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Senior Housing Options Community Care Costs

Independent Senior Living Communities

What Is It? Independent senior living communities – also referred to as retirement communities, senior apartments and active senior living – resemble traditional apartments, townhomes or condo communities, with the simple restriction that all residents be above a certain age (typically either 55 or 62). Apart from the housing itself, amenities offer typically include meals prepared in a common dining room, periodic housekeeping, maintenance and repairs, utilities, and activities and entertainment.

What Does It Cost? Prices for independent senior living communities vary based on the type of property. Some are quite spartan, while others are luxurious in styling. The size of the unit being rented also impacts its price, though Genworth put the average cost of a one-bedroom senior apartment at $2,750 per month in 2014. Many such facilities rent for significantly less when fewer amenities are offered, and some subsidize rent based on the senior’s income.

Who Is It For? Independent senior living communities are best suited to older adults who are generally self-sufficient, but who prefer the companionship of living with others their own age. Active retirees and those who seek a simplified style of living where all cooking, cleaning and maintenance needs are handled are ideal candidates.

How Do You Get Started? Many independent senior living communities advertise through traditional means, such as newspaper ads, TV ads, radio ads, local magazine ads and billboards. You may also be able to locate programs in your area using the state-specific agency contact list at the end of this guide.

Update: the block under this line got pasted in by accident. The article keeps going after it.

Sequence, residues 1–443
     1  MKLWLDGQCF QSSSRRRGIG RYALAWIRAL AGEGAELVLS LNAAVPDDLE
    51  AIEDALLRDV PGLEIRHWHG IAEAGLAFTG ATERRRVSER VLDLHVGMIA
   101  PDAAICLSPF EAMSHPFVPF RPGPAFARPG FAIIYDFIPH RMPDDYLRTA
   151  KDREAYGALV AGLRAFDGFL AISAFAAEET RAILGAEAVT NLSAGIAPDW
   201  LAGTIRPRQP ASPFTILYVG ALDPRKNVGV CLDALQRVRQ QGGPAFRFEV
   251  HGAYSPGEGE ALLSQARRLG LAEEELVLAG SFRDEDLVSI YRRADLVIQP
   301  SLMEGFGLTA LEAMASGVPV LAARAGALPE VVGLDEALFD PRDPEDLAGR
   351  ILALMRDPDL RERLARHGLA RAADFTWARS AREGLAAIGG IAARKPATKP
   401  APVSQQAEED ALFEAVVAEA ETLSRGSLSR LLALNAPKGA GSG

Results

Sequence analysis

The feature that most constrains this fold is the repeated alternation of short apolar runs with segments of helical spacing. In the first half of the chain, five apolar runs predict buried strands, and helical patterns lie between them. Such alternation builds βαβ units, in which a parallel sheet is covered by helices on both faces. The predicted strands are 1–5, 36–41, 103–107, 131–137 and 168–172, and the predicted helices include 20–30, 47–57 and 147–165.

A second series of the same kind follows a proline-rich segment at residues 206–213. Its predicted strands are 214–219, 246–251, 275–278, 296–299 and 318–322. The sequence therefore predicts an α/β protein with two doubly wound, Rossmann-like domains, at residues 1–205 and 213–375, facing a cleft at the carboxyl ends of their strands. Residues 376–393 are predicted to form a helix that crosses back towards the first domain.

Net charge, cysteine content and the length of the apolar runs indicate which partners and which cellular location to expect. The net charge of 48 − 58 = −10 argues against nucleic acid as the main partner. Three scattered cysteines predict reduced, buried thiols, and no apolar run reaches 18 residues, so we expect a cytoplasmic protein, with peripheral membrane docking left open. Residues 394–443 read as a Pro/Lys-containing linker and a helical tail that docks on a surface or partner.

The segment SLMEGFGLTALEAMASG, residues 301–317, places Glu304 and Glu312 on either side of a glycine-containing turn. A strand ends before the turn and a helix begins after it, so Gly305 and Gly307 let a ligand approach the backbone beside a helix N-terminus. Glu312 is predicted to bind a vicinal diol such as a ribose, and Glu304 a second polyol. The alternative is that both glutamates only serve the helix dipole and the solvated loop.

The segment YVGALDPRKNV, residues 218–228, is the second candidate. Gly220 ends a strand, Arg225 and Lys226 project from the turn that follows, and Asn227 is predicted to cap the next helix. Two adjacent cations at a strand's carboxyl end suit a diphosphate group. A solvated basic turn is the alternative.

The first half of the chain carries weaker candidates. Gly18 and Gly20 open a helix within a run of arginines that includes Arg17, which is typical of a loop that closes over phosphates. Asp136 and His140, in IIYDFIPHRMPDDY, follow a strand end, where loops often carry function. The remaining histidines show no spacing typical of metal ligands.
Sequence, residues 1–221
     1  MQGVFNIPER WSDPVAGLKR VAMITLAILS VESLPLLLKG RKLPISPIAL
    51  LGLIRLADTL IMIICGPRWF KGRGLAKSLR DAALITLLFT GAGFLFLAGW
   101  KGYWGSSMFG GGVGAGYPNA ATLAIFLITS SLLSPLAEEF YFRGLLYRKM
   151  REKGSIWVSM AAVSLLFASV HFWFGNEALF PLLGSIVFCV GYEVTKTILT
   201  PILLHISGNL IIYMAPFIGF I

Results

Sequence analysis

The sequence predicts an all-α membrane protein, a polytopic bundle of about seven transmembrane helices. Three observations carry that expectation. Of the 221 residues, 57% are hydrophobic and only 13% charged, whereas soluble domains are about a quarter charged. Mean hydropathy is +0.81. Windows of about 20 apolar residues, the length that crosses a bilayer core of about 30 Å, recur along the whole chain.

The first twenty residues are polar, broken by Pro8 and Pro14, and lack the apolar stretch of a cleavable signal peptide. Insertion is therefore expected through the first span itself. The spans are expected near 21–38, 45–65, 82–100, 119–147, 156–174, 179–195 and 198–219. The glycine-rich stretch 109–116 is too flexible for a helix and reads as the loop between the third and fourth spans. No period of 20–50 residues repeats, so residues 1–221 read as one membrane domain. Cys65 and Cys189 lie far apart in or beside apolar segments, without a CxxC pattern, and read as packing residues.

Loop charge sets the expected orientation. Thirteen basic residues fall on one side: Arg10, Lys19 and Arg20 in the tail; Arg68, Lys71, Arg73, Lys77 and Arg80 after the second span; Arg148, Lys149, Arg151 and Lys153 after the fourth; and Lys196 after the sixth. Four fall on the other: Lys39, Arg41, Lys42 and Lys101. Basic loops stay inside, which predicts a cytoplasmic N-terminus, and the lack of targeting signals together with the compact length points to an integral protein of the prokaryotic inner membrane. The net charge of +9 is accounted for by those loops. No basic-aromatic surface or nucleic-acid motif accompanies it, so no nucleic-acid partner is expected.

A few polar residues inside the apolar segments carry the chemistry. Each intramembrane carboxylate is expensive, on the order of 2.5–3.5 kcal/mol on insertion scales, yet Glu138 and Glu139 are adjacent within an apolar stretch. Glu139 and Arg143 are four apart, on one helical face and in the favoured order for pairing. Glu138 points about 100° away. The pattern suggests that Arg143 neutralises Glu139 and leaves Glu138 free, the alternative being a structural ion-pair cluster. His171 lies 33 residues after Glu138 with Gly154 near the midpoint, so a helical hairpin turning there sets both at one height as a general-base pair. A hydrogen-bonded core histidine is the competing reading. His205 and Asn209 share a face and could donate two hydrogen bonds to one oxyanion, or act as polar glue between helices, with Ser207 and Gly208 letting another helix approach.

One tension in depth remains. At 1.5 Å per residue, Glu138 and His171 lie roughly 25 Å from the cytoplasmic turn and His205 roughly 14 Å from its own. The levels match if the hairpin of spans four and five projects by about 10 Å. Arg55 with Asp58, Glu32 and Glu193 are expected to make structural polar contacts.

As with any major life decision, careful consideration and proper planning are of the utmost importance. Rather than acting rashly, take the time to gather recommendations and research existing options. If possible, carry out your planning well in advance of your loved one’s anticipated need for housing options in order to secure necessary waitlist placements and/or to prepare thoroughly for a smooth transition.

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Helpful Resources

As you prepare to transition an aging loved one into a senior housing program, you may find any or all of the following resources helpful:

Senior Living Resources:

Senior Services:

Caregiver Resources:

Financial Information:

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State-Specific Resource Listing

Compiled by the Assisted Living Foundation of America (ALFA), the following list of state level chapters and affiliates provide local sources of information regarding state-specific licenses, regulations and available programs:

Assisted Living Association of Alabama (ALAA)

President: Frank D. Holden


5921 Carmichael Rd

Montgomery, AL 36117-2518

Mailing Address:

PO Box 230968

Montgomery, AL 36123-0968

Phone: (334) 262-5523

FAX: (334) 262-4603


Arizona Assisted Living Federation of America (AZ-ALFA)

President: Karen Barno


2345 E. Thomas Road, Suite 290,

Phoenix, AZ 85016

Phone: (602) 322-0100

FAX: (602) 322-0118


Arkansas Residential Assisted Living Association (ARALA)

Executive Director: Kent Schroeder